Press Releases

House joint committee on special privileges moves to increase SC discount on basic goods to P500 per month; Salceda directs filing of new bill to enhance discounts for special sectors

February 13th, 2024

House Ways and Means Chair Joey Sarte Salceda (Albay, 2nd district) led the Joint Committee hearings of the tax panel, and the House committees on senior citizens and persons with disabilities in directing the Department of Trade and Industry and the Department of Agriculture in increasing the senior citizen’s discount on basic goods from P65 per week to P125 per week, or a total of P500 per month.

“Using food inflation rates, we determined that by now the total value of the discount should have been adjusted to around P126.31 per week. So, adjustment to P125 is more or less where we should be by now,” Salceda said.

The joint committee made the determination by choosing between either CPI levels or food inflation from 2010 to 2024.

“The food inflation rate makes better sense since these are basic goods,” Salceda added

“At least, this is an empirically made policy decision rather than setting an arbitrary adjustment,” Salceda added.

Under the current system, promulgated through DTI-DA Administrative Order No. 10-02, as part of Republic Act No. 9994 or the Expanded Senior Citizens Act, Senior Citizens are entitled to a special discount of 5% of the regular retail price, without exemption from value-added tax, of basic necessities. The total value of goods discounted is capped at P1,300 per week, or a P65 discount.

“The DTI and the DA are so directed to adjust the rates prescribed in the administrative order,” Salceda said, following a motion from fellow committee chairs Rep. Alfel Bascug and Rep. Rodolfo Ordanes.

“This is just an administrative order, so it can be adjusted with immediate effect,” Salceda added.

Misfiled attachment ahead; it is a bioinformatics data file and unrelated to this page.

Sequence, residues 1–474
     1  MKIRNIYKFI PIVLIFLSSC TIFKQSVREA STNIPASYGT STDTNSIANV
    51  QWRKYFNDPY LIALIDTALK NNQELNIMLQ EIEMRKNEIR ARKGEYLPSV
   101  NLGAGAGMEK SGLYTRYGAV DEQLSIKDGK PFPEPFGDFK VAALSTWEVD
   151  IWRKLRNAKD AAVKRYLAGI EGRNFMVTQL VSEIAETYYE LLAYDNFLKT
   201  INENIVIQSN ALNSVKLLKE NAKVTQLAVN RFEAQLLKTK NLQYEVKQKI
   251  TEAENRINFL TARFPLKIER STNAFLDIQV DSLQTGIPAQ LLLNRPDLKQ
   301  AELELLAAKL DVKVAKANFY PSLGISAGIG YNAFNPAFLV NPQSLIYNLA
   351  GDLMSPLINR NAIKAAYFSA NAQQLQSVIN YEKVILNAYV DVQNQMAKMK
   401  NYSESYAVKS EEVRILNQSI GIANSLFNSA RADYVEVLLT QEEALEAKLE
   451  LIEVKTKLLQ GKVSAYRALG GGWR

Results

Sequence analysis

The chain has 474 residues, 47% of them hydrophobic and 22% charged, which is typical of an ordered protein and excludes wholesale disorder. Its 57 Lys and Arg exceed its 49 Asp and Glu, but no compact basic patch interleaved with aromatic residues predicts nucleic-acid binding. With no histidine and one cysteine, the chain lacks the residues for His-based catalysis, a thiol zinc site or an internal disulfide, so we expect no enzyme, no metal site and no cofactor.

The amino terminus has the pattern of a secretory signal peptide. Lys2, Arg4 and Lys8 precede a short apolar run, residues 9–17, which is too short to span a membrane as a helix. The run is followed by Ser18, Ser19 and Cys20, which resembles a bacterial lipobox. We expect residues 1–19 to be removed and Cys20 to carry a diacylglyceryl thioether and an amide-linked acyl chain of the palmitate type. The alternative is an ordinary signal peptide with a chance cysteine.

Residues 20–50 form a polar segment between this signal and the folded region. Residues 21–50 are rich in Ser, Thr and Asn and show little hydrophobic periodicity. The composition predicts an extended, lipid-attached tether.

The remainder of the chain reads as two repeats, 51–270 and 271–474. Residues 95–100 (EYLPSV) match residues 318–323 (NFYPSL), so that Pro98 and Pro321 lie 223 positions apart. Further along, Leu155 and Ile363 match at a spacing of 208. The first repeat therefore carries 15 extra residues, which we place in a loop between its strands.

Discounts on basic goods cost 31bn

Salceda also estimated that “the cost to society of these discounts is at least P31.096 billion every year, a burden shared equally among all others.”

“This is the overarching doctrine of these discounts – everyone else has a responsibility to take care of elders, simply because everyone else will become elders at some point.”

“The policy decision we have made as a society is that we will all distribute the burden amongst ourselves, as sellers will likely pass these costs on to other consumers.”

“It has an inflationary effect of around 0.04 percent, which doesn’t look like much, but the nominal value, if taken on its own, is substantial.”

Committee to tackle Philhealth issues next

Salceda also added that the joint committee hearings will take up issues with the availment of Philhealth benefits among rehabilitative care next.

“Occupational therapy and rehabilitation is perhaps the most beneficial type of medical care because its aim is to make the patient productive again. So, as far as returns to society go, there is not only a moral gain but an economic benefit to it.”

The committee’s action on the matter is in response to concerns that individual professionals are not eligible for Philhealth benefits for speech pathology and occupational therapy.

Salceda adds that the Committee will also discuss case rates for these.

“As far as availing these benefits go, the door should be barrier-free,” Salceda added.

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